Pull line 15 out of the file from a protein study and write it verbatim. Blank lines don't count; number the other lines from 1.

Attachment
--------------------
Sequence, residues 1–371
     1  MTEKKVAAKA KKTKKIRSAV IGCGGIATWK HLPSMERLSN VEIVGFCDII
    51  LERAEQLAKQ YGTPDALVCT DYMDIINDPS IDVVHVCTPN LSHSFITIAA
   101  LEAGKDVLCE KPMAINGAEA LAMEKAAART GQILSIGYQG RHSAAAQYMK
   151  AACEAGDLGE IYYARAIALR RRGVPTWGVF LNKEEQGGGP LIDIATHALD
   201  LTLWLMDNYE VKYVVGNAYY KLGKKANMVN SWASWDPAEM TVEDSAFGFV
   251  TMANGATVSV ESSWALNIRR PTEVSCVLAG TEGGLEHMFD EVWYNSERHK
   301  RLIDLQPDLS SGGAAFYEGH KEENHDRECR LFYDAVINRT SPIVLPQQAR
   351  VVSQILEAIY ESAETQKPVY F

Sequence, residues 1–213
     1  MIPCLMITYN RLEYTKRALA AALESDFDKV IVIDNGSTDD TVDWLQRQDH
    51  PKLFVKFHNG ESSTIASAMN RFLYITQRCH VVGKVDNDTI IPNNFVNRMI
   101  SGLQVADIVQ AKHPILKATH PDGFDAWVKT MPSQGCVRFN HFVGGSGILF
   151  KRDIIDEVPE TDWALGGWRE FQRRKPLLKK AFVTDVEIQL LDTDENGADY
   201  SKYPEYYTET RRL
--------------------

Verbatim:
   201  SKYPEYYTET RRL